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    Re: Mamiya Lenses

    very interesting discussion on M645 lenses...thanks.

    Would anybody be able to weigh in on RZ67 or RB67 lenses?

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    Re: Mamiya Lenses

    Hi,
    I own the :
    35
    55-110
    120Macro
    105-210
    80 f2.8
    80 f1.9

    I also owned the 150 but sold that one.
    I like all the lenses but think the 120mm macro and 105-210 are stellar.

    the 55-110 must be my worst lens, it's not a sharp and contrasty as the other ones.
    I tested the 75-150 and absolutly loved that lens but it's a strange lens for me, 75 is not wide enough and 150 is not tele enough. To be honest it's in a range I don't use that often when walking arround.
    For portrait/fashion work it's a great lens but I will always opt for the 105-210 for that.

    The 35 is often regarded as so-so but I think I have a nice copy, for what I use it for it's very nice, corner sharpness is little less but it's not as bad as some will make you believe

    Looking forward to the leaf shutter lenses.

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    Re: Mamiya Lenses

    How do I know whether I have the new -D lenses or the old ones? Currently I have the 28, 80, 75-150 and 120 macro here.

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    Re: Mamiya Lenses

    I have, 35AF, 55AF, 80AF, 120-D, 150AF-D, 210AF, 300AF
    My order by image quality only, not use is
    150 & 120 tied for first place
    80 & 55 second
    210 & 300 tier 3
    35 nice but not like the others.

    Phase p30 for ref.

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    Re: Mamiya Lenses

    Quote Originally Posted by Georg Baumann View Post
    How do I know whether I have the new -D lenses or the old ones? Currently I have the 28, 80, 75-150 and 120 macro here.
    The "D" lenses are all marked as such - the 28 and 120 on the barrel, the 75-150 on the lens ring around the front element.

    However, the 28 and the 75-150 are only made as "D" lenses, so yours are bound to be "D". The 80 and the 120 will be marked if they are "D". I think the 120 Macro "D" is exactly the same optically but has more contacts for exif info.

    The 35, 55, 210 and 300 are not "D" lenses, though they're superb anyway - well, maybe not the 35 - it's good but not superb imho.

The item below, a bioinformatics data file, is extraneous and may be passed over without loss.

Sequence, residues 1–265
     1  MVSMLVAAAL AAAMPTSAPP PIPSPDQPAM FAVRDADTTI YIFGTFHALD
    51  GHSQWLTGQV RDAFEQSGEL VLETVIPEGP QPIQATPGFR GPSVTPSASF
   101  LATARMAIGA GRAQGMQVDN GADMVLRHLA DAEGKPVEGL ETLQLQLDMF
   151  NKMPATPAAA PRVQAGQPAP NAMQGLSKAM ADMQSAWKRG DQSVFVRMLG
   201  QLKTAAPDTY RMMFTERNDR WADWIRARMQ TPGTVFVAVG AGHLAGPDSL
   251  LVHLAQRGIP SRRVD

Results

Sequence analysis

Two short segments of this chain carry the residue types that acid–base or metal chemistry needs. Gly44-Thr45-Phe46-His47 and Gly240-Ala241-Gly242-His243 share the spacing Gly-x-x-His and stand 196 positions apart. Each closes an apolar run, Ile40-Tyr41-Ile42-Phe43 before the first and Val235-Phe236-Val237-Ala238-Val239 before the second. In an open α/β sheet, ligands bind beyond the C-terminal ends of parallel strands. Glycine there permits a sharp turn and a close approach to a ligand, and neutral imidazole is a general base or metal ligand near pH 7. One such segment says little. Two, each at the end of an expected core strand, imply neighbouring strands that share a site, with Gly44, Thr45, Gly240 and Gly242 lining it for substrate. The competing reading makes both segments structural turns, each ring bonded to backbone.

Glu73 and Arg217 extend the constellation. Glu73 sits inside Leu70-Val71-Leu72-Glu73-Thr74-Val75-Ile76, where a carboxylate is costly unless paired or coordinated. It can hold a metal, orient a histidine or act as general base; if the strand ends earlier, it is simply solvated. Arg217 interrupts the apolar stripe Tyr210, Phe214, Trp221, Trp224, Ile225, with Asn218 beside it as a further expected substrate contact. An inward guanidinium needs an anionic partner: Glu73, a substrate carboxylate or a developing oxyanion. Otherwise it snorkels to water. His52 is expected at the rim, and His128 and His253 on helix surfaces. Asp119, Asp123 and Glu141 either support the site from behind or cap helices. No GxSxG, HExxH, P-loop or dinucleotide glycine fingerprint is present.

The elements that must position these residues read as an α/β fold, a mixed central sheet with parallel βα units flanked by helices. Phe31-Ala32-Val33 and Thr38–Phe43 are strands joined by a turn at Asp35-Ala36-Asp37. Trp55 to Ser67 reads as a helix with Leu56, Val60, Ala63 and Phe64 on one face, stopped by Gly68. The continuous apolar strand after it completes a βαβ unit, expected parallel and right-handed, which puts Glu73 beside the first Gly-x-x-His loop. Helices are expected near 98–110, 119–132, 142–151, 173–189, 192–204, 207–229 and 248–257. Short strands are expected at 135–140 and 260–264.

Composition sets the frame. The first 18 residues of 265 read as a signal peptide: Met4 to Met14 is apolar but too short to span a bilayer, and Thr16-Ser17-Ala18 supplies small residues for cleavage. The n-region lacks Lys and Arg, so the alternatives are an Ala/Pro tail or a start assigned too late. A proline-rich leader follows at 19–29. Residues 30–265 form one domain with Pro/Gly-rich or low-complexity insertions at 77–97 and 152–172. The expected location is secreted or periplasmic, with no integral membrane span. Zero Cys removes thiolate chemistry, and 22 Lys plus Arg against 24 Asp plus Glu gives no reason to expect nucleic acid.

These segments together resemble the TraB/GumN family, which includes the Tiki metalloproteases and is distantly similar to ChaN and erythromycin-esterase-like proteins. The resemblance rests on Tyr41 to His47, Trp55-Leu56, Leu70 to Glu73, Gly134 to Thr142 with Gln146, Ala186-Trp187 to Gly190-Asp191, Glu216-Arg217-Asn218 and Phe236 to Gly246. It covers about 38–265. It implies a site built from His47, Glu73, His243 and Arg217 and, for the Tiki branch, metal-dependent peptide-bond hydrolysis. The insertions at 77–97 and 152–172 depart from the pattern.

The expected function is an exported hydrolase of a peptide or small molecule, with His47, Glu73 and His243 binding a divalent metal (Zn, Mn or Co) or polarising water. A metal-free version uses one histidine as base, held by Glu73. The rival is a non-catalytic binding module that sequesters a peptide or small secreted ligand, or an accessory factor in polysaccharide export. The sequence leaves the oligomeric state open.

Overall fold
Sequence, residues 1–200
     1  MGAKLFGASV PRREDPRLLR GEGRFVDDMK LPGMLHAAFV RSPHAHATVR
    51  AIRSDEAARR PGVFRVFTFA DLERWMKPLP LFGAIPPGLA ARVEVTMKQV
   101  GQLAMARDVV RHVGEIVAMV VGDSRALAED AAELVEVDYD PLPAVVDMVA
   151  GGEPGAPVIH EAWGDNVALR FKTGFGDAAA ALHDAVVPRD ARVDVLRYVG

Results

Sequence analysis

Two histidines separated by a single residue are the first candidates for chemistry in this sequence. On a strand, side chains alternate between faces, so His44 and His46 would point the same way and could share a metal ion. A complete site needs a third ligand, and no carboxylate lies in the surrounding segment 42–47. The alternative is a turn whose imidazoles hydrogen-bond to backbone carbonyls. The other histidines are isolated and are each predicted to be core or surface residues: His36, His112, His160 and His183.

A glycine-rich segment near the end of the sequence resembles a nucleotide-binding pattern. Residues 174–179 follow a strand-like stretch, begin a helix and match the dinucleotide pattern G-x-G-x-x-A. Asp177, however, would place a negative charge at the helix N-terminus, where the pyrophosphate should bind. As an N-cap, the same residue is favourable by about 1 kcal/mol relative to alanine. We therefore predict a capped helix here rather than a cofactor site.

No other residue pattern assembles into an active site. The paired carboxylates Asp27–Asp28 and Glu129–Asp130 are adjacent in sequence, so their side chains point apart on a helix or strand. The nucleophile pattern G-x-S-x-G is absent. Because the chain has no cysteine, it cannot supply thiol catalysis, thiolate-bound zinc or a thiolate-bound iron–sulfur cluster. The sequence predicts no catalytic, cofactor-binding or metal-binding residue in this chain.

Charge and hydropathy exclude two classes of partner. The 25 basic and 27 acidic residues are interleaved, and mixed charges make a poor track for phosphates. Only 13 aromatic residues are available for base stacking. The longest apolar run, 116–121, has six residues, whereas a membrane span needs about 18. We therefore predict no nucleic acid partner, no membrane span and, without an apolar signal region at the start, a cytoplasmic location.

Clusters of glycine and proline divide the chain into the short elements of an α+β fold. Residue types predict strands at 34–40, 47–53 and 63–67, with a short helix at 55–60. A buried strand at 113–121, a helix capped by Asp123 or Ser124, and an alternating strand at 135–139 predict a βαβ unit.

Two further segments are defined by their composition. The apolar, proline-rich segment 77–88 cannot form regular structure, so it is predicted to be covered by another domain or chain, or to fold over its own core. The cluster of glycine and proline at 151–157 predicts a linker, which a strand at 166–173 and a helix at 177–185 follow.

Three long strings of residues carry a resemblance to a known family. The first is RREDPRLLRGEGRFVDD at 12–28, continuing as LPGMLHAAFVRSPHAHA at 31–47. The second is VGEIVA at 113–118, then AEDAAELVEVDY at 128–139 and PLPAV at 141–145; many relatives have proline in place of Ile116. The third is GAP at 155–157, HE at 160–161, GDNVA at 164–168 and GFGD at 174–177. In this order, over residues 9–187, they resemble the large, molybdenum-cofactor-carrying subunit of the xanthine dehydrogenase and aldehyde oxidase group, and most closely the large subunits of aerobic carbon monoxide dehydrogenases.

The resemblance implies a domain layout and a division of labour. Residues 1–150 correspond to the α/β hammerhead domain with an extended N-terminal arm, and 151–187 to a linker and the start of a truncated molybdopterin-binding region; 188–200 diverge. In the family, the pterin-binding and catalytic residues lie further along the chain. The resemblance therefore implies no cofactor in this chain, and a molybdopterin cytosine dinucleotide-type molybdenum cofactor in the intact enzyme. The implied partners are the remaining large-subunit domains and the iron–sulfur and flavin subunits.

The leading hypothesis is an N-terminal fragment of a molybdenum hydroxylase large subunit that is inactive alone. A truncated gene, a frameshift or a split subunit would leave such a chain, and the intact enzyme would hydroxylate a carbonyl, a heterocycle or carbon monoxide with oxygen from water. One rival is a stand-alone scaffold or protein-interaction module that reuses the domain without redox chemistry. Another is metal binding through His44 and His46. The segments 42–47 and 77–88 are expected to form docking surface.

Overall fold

Bill

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    Re: Mamiya Lenses

    This is my preference:

    My most used lens - 105-210 f4.5 is excellent and always amazes me!

    I also have the 80mm, and newly purchased 55mm and 300mm lens. I can't wait to use the 300mm for beauty work!

    I have also owned:

    Mamiya 150 2.8D - EXCELLENT LENS!
    Mamiya 55-110 f4.5 AF - OK lens, nothing great.
    Mamiya 120 f4 Macro - SHARP LENS, but if I am shooting manual focus, I'll grab an RZ67 instead. I purchased the 645 AF for auto focus.
    Mamiya 35mm - Good lens

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    Administrator, Instructor Guy Mancuso's Avatar
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    Re: Mamiya Lenses

    I have all D lenses except the 300mm. 28,45,80 and 150 and all are excellent on the P30+
    Photography is all about experimentation and without it you will never learn art.

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    Re: Mamiya Lenses

    I just picked up the 35mm AF about a week ago and I have been quite impressed with its results on the 48mm x 36mm sensor. Lots of mixed comments on the 35mm, so I wasn't sure what to expect. Maybe I got lucky with a good copy. Whatever the case, very impressed with its performance considering the price (~$700 used these days).

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    Re: Mamiya Lenses

    I could really use a 35mm, too and am a little scared off by the varied opinions. I think I may go new, do some serious testing against the D45 and return 35's until I get a good one?

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    Re: Mamiya Lenses

    When I started this thread, I had not purchased any lens. I now own a 45mm D, 80mm D and the 150mm D lens. I'm thinking of getting the 28mm D and the 120mm Macro but have not gotten around to do it. The other lens I would like to own is the 75-150mm zoom which Bill and Jack recommended.

    I've read that the older (pre-D) version of 120mm Macro is just as good but a lot cheaper. My question is whether I lose lens data since it is non-D? or am I wrong on this?

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    Re: Mamiya Lenses

    The original 120 Macro for the 645AF has auto aperture & EXIF data. You don't lose anything.

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    Re: Mamiya Lenses

    Thanks John.

    Looks like there is a huge price differential here.